Christmas is over, New Year's Eve revelry is around the corner, and - eating the cold leftovers aside - there's nothing to fill the fallow time. Except, of course, attending to the small matter of fashioning over-ambitious plans for the new you. "I will go to the gym." "I will give up smoking." "I will learn that instrument." Yes, ladies and gentlemen, it is perhaps the most ridiculous global phenomenon of them all: the new year's resolution.
The success rate is so low that it's difficult to see new year's resolutions as anything more than a seasonal tradition, alongside leaving mince pies out for Santa. One year, The Observer newspaper was so disbelieving that anyone actually kept them that it followed a group of people for six months to see if they'd followed through with their resolutions to get rid of weight, debt or cigarettes. Unbelievably, it turned out that most had. But there was an element of cheating. They only succeeded through the professional assistance of financial advisers and life coaches that The Observer had put them in touch with. Perhaps that should be a resolution in itself: get a life coach.
It would make a lot of sense. As anyone who has tried and failed to keep a new year's resolution knows, it is exceptionally hard to make such big life changes on your own. So why has the notion of the new year's resolution endured? To understand, we must travel back 4,000 years, to ancient Iraq. The Babylonians can truly lay claim to having invented the new year's resolution. Their new year parties lasted a whopping 11 days, and though they weren't actually in December they celebrated renewal and, impressively, the revitalisation of society, in fine style. They also set down their hopes for the forthcoming months, which included resolving to return borrowed farm equipment to its rightful owner - because, come on, who hasn't felt a pang of guilt about not returning that combine harvester?
The resolutions that played a part in the Roman new year, formalised by Julius Caesar in 46BC, tell us a little more about the motivation to make resolutions. The Romans were a superstitious bunch, and, in giving new year gifts (olive branches from sacred trees, coins of the god Janus), they were in fact hoping to throw out whatever bad luck they'd had in the old year and replace it with good luck in the new.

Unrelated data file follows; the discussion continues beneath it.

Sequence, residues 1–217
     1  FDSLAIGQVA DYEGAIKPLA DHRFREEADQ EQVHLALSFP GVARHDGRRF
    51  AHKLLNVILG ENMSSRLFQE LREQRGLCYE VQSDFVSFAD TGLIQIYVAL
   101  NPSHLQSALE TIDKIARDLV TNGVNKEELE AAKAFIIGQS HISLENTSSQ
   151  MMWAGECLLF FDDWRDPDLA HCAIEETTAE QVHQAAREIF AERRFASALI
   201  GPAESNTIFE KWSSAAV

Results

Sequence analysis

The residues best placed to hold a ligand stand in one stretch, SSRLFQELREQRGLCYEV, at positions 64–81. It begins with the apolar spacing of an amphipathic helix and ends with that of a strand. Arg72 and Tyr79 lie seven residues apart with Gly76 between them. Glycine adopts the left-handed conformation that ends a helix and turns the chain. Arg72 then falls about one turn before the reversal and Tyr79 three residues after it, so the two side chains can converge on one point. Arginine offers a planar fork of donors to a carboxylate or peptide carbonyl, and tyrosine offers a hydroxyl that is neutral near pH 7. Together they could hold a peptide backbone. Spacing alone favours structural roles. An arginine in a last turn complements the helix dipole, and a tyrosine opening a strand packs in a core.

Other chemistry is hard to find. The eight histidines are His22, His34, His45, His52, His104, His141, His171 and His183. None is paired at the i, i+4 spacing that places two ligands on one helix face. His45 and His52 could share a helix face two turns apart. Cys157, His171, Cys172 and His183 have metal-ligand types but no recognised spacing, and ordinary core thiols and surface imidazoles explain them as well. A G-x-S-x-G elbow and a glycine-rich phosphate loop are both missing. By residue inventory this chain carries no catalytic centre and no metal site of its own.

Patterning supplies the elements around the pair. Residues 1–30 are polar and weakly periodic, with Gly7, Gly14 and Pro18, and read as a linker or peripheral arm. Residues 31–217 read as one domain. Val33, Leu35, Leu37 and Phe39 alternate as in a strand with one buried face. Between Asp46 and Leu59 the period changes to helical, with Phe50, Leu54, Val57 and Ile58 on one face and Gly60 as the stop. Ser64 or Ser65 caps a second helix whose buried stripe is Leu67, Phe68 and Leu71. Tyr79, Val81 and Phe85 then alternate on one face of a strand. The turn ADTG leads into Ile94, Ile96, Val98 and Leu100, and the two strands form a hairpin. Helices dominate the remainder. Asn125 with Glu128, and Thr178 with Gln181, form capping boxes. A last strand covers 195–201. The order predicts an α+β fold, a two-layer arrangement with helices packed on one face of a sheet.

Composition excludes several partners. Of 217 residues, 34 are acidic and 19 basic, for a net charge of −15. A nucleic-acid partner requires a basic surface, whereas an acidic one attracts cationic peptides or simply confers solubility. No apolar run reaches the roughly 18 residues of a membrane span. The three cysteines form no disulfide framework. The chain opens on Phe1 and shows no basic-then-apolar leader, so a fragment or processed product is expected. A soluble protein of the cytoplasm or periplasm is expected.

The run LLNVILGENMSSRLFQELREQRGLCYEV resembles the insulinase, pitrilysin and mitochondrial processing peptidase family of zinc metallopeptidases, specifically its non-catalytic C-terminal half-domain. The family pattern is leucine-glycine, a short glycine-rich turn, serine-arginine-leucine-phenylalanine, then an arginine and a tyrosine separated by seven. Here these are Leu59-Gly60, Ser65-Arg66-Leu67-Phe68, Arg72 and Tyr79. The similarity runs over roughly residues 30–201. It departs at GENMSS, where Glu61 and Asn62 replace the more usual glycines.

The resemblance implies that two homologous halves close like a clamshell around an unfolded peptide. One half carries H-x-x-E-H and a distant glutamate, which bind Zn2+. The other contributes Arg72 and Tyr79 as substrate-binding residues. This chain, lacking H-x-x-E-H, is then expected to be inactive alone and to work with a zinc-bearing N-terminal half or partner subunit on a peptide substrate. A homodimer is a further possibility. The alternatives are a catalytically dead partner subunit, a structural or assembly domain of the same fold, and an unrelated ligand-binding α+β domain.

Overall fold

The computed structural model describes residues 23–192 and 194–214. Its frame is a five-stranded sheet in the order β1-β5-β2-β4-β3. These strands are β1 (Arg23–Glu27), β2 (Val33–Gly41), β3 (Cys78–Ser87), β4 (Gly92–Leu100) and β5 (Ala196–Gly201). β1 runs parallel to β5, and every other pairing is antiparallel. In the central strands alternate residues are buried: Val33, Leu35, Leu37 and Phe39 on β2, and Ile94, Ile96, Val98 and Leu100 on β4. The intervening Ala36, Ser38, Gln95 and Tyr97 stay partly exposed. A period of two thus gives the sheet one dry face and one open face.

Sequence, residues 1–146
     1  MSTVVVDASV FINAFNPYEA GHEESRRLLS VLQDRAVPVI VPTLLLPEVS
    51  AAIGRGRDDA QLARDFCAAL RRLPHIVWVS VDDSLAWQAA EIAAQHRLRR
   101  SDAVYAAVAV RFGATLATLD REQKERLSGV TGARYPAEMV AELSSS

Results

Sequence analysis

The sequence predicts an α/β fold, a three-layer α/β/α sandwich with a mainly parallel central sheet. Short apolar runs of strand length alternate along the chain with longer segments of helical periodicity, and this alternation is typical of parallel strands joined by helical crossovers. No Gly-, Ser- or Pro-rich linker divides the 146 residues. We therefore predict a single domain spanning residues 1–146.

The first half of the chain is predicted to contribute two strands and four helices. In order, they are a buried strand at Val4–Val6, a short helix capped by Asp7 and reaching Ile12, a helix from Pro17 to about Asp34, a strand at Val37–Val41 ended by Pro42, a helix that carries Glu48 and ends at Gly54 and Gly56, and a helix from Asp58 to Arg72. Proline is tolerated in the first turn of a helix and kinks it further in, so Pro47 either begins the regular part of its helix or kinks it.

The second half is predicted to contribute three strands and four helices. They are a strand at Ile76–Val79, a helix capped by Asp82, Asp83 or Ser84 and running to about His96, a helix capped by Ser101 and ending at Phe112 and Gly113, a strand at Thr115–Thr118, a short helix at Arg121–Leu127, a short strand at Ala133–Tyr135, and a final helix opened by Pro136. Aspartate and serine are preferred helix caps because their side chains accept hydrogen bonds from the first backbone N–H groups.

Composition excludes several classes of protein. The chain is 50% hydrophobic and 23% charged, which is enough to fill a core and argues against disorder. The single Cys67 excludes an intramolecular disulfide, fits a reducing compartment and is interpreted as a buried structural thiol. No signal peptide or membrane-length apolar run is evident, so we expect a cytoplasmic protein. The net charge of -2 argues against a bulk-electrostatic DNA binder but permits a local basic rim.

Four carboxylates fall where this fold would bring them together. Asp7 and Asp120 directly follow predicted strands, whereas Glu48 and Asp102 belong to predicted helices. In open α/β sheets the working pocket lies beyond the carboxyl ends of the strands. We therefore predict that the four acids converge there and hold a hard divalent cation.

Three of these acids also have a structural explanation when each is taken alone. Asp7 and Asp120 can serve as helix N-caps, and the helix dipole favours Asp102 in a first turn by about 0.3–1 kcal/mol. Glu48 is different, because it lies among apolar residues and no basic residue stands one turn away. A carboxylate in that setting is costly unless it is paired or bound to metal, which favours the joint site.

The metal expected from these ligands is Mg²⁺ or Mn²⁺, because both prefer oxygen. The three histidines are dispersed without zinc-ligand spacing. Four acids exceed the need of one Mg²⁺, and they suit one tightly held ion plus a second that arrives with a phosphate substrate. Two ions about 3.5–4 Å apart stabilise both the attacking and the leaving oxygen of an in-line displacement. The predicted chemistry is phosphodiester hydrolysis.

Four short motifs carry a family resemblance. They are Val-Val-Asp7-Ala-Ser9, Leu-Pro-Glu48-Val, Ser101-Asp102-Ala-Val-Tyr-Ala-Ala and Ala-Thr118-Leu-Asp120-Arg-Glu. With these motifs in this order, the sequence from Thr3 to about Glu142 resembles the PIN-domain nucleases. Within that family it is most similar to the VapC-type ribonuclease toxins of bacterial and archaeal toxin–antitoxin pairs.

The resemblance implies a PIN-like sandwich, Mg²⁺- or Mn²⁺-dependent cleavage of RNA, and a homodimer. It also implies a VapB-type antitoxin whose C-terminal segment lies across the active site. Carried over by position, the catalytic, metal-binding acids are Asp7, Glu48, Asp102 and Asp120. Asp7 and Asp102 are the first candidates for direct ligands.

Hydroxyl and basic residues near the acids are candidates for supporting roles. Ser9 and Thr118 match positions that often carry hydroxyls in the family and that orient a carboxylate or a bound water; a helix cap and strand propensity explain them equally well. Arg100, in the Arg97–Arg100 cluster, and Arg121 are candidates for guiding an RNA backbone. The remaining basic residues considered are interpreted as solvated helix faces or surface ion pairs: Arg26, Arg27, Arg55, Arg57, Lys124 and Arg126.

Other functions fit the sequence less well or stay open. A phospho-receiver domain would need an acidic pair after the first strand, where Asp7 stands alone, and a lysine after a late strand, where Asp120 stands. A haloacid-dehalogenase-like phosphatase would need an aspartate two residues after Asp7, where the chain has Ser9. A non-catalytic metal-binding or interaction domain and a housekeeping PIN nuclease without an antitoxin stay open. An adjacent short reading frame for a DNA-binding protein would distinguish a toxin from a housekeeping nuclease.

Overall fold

So it's this hope of betterment from which all our new year's resolutions stem. There are barely any variations across the world - we all do it, no matter what nationality or language we speak. It derives from a basic human desire to reflect upon what you may have done wrong - or not done at all - in the year that has passed and try to atone for that with better behaviour in the year to come. The problem is, we are fallible. Last year, a British mental heath charity advised people not to focus on problems or insecurities when they made resolutions, but instead to think about starting small - being active or going green - because if your well-meaning plans fail by mid-January, then you're probably going to feel worse than you did before you made them.
Psychological research into the new year conducted by professors at the University of Minnesota concluded that a whopping 80 per cent of resolutions have been broken by Valentine's Day. And if you think university research is taking matters slightly too far, then an official chart of popular resolutions from an official US government website surely trumps even that. Naturally, number one is to lose weight, and in these financially straitened times you'd expect that to be followed by managing debt, saving money and getting a better job. But we rather like the ideas, lower down the chart, of taking a trip or volunteering.
No wonder the British psychologist Cliff Arnall says the best time to make a resolution is not December 31 at all but - and unbelievably he's worked this out mathematically - May 18. Arnall shot to fame when he proposed that the most depressing day of the year is January 24, when the mental decline we're already experiencing during new year reaches its lowest point. All of this is, of course, based on the changing of the seasons in northern Europe, but his last point does ring true: that on May 18 you're likely to make decisions on your future because you want to. On December 31, you're doing it when you're "supposed" to.
Literature has had plenty to say on the matter and, as so often, Mark Twain summed up the new year dichotomy best: "Yesterday, everybody smoked his last cigar, took his last drink and swore his last oath. Today, we are a pious and exemplary community. Thirty days from now, we shall have cast our reformation to the winds and gone to cutting our ancient shortcomings considerably shorter than ever." True, but not exactly constructive: better to leave it to Bridget Jones in Helen Fielding's famous diary to come up with the sensible solution. "I do think new year's resolutions can't technically be expected to begin on New Year's Day," she writes. "Dieting on New Year's Day isn't a good idea as you can't eat rationally and really need to be free to consume whatever is necessary, moment by moment. I think it would be much more sensible if resolutions began on January the second."
And there, from the pen of a dappy fictional London PR girl, comes wisdom.